Reviews and Problems with Dungeon Siege: Throne of Agony
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Dungeon Siege: Throne of Agony PSP Review
30 May 2010
Excerpt: On the PC, Dungeon Siege is a ‘hack ‘n’ slash’, which essentially means it’s all about whacking creatures with big teeth and kitting your created warrior out in more durable armour as well as striving to gain more powerful weapons. The series’ first handheld venture is more of the same, but true to its size, in comparison to its bigger brothers, Dungeon Siege: Throne of Agony seemingly has got some growing up to do.
Excerpt: Quite how the 'hack 'n' slash' RPG genre remains such a commercially viable venture for so many developers is becoming more fantastical than the subject matter itself. Give or take a variation in setting and narrative, the similarities found between any two games are so gargantuan that once you've played one decent title it's hardly worth looking at another. And that brings us to Dungeon Siege: Throne of Agony.
Excerpt: Sounds uncomfortable, we know. Throne of Agony isn't referring to the morning bus journey on which you may play the game, or your Grandma's old 'outhouse' however. We're not letting on what it refers to, though. We wouldn't want to spoil the surprise. In Dungeon Siege: Throne of Agony, you assume the role of Serin, Mogrim or Allister to begin your inexorable journey North. None of these lone wanderers know why they travel North, only that they must.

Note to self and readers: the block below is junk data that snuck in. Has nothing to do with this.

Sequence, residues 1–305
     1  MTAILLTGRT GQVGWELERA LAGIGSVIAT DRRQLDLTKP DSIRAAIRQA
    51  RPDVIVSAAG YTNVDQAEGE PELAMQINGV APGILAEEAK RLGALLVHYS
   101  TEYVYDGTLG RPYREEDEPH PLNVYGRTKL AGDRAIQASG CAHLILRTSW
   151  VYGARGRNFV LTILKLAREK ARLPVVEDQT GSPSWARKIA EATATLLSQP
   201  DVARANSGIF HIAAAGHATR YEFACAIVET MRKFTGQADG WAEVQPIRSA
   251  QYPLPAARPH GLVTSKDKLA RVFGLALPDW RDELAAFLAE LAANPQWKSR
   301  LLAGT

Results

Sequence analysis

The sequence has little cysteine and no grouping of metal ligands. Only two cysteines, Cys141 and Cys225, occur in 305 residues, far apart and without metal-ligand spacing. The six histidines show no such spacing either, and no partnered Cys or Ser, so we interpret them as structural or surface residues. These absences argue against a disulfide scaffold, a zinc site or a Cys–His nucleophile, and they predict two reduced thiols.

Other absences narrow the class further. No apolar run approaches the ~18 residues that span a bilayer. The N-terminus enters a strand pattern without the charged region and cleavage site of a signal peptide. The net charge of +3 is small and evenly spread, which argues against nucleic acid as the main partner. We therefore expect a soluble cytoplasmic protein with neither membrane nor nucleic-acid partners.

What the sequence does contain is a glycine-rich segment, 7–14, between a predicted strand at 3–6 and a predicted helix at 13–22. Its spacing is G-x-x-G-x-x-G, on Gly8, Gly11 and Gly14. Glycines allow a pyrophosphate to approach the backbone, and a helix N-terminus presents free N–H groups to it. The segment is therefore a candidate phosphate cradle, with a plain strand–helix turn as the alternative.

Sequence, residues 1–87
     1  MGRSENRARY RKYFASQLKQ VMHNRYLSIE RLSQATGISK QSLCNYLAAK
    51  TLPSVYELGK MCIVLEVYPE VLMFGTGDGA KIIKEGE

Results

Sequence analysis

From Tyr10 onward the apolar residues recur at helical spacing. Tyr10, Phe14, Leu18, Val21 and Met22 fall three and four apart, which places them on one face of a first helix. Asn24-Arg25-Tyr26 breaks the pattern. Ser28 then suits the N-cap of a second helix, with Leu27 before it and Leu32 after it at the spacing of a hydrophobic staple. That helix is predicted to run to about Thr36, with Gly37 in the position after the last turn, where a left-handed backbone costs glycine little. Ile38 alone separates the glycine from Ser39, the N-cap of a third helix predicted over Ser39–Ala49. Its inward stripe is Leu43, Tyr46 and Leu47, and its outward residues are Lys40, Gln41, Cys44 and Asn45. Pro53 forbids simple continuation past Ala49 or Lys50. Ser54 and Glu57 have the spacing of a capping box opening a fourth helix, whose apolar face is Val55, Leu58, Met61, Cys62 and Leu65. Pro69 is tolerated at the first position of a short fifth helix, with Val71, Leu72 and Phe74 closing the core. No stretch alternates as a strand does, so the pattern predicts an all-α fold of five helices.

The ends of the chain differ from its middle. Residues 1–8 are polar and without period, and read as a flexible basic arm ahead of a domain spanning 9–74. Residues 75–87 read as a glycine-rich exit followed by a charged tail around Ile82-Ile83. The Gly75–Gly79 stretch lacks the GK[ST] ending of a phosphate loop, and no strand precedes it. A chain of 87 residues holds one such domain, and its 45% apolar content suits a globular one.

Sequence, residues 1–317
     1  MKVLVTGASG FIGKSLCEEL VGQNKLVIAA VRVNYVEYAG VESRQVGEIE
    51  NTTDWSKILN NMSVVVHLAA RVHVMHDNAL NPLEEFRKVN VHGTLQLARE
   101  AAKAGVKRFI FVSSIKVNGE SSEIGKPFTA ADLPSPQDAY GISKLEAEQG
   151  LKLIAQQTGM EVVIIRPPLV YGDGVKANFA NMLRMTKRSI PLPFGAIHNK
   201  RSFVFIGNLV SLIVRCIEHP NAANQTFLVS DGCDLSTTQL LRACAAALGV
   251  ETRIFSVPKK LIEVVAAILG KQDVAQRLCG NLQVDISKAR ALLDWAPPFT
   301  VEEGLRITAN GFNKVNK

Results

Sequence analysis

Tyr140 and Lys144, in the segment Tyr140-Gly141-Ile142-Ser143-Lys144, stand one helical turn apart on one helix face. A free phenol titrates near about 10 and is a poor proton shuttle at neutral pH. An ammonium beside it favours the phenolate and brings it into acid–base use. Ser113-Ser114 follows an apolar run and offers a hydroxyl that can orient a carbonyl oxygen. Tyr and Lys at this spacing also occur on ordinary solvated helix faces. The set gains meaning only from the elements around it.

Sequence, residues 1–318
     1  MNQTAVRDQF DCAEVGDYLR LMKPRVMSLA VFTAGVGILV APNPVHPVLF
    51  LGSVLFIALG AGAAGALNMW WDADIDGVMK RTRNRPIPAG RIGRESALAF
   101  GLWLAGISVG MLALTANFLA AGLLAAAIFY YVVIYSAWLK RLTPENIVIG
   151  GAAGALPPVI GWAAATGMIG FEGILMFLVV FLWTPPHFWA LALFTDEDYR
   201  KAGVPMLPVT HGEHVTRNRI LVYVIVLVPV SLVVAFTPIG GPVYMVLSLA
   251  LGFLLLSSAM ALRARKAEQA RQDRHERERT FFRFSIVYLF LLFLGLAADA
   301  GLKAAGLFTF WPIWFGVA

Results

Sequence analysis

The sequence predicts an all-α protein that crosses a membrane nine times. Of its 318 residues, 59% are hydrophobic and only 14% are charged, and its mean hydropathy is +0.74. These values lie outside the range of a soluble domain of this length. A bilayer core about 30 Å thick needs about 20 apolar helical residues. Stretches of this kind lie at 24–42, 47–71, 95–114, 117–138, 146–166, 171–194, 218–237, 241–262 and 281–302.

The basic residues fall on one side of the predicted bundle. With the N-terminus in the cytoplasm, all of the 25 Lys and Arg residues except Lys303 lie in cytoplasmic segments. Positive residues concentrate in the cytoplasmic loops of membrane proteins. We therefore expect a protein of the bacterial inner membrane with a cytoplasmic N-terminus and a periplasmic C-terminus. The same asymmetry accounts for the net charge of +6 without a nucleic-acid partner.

Excerpt: Lets make things clear from the outset. This article will not, and I repeat, WILL NOT, contain any jokes about the titular ‘Throne of Agony’. No references to the morning after a curry or other such base comparisons will be found within the proceeding text, as tempting as it is to take a few cheap shots. Given the title of the game and the desire to fill a few paragraphs with ass-jokes and references to home and office furniture, that’s no mean task to accomplish.
Excerpt: It's all sort of an incestuous collection of games that haven't really pushed the style of game forward in the better part of a decade, and I felt like I was getting burned out. Turns out I just needed a game that did it all right in a slightly different setting. Don't get me wrong scratches that itch for a fairly mindless romp through endless scads of enemies, doling out equal parts button mashing and light strategy thanks to various Followers that can be summoned to...
Conclusion: It’s Dungeon Siege at its heart, but it’s been chopped and changed to make it accessible for the handheld market. With a lengthy quest and an in-depth experience point system it manages to sit on its very own, special throne.